Updated: July 16, 2016 12:02:44 am
There is a distinct possibility of the BJP taking the high moral ground and winning elections. Whether the possibility turns into reality will, to a considerable degree, depend on the manner in which the BJP conducts itself for the all-important UP electoral prize. Here are some facts that can help Prime Minister Narendra Modi and the BJP take the plunge into being a political party that people might like to like, rather than a party that people love to hate.
The latest rainfall estimate (between June 1 and July 13) is 4 per cent above normal. The India Meteorological Department (IMD) forecast for the monsoon is that it will be 8 per cent above normal. The big political and economic question is: What will happen to agricultural and overall growth in 2016-17.
Several state elections (most importantly UP) are likely to be held in February-March 2017. Both inflation and growth are important factors for the voters. A correct understanding of what is likely to happen to these two variables will likely affect both the election strategy and outcomes.
The BJP had two clear, and distinct, strategies for the Bihar and Assam elections. For the former, it relied on the appeal to the fringe elements within its fold. It lost horribly. In Assam, the BJP changed course and fought on a non-divisive platform; on a promise of growth and governance, rather than the practice of communalism and casteism — it won handsomely.
The electoral strategy in Bihar was probably affected by a gross misreading of the BJP’s success in the 2014 national election. The 2014 election was fought, and won, on a non-divisive platform, not on the basis of the fringe-element politics of communalism, beef bans, love jihad, ghar wapsi etc. The thinking of the fringe elements supporting the BJP is not very different from the thinking of the fringe elements supporting Donald Trump in the US, which we shall call the Fringe Element Trump Right or the FETRs.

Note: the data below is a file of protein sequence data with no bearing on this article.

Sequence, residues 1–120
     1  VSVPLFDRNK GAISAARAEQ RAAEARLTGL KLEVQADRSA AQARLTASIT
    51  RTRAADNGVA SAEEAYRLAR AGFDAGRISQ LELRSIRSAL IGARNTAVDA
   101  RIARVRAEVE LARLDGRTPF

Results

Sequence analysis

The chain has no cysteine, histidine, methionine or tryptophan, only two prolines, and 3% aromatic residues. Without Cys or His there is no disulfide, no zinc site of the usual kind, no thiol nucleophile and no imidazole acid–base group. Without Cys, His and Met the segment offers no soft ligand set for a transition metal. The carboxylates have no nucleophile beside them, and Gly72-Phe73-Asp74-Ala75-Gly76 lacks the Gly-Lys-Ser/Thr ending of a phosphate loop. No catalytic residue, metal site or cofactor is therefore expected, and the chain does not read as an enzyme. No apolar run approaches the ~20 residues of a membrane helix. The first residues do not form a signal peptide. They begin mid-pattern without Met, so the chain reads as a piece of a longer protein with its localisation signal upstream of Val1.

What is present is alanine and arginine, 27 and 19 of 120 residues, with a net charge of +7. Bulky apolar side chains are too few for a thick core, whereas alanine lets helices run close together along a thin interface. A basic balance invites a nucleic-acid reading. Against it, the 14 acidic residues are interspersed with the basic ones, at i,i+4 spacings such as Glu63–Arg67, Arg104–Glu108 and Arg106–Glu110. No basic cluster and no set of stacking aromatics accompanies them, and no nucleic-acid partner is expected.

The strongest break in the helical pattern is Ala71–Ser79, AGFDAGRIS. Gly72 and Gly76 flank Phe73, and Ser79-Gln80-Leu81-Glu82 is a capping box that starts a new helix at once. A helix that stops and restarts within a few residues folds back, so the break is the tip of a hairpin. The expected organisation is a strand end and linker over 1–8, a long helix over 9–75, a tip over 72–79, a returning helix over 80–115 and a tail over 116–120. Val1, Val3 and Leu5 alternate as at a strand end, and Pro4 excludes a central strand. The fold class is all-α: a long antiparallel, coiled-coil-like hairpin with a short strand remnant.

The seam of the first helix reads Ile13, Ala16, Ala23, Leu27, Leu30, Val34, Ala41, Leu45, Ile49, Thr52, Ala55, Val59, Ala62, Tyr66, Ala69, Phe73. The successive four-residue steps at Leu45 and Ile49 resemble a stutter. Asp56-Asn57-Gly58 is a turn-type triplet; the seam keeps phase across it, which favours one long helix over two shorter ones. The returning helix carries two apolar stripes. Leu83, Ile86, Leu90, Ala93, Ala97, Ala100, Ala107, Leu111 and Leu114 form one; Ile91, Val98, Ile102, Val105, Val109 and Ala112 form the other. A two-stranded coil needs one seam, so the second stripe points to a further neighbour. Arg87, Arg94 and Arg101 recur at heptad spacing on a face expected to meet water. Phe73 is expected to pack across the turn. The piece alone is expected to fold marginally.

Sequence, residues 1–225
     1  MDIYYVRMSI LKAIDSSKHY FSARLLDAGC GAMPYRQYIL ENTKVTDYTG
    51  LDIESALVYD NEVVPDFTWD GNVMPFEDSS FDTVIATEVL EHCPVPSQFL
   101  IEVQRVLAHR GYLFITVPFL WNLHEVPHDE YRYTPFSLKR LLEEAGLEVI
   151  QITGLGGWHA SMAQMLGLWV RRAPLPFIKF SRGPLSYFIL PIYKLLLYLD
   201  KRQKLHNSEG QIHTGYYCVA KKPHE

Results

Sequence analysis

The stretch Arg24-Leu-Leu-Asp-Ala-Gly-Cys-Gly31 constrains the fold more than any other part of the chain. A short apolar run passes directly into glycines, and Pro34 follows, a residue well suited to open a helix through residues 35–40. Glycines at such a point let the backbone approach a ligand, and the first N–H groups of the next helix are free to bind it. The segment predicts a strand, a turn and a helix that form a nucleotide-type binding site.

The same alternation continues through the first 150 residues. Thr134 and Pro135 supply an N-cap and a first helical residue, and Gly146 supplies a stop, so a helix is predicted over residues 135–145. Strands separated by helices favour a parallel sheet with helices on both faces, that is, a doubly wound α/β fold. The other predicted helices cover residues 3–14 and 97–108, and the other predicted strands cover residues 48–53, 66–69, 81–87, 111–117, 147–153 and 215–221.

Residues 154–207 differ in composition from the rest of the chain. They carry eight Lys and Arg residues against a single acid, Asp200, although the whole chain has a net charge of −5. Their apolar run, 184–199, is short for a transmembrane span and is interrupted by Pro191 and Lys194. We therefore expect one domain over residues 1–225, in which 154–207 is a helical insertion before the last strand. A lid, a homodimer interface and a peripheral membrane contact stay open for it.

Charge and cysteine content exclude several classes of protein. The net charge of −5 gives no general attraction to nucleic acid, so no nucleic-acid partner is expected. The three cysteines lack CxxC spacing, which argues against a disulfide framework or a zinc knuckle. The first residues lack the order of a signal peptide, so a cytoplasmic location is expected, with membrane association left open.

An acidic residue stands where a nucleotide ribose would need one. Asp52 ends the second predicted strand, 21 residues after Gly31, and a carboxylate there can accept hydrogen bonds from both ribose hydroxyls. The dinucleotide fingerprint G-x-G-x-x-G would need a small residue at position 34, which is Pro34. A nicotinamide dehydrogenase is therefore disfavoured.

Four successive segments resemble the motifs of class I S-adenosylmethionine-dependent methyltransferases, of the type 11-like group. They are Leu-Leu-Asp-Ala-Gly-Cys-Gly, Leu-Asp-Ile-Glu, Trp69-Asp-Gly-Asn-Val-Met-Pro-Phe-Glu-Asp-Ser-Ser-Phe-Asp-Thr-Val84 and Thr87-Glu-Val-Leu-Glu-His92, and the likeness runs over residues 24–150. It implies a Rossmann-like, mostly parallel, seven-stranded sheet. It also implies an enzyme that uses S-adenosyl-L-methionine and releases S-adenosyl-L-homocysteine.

With the re-introduction of the Akhlaq lynching issue into the UP political equation, the BJP is in clear danger of losing the plot. There are two political realities it needs to address. Who else, if not the BJP, are the FETRs going to vote for? If the FETRs stay at home — can’t expect them to vote for the Congress, or the BSP, or the SP — then their “lost” votes are very likely going to be replaced by some Muslim votes, and a larger proportion of middle-class votes. Hence, no loss to the BJP is envisaged with an Assam-like inclusive strategy.
A major reason for the BJP to pursue this inclusive, non-communal and non-divisive strategy is that the (weather) gods have signalled them to do so. Rains will likely help to bring down food inflation — this will help the BJP electorally, and just in time for the UP election.
But there are two elements which are more controversial: One, the GDP growth rate as it exists now, and two, the addition to this growth rate with extra rainfall. Regarding the former, most protests against the Indian GDP data are made without evidence — no proof required, as it were.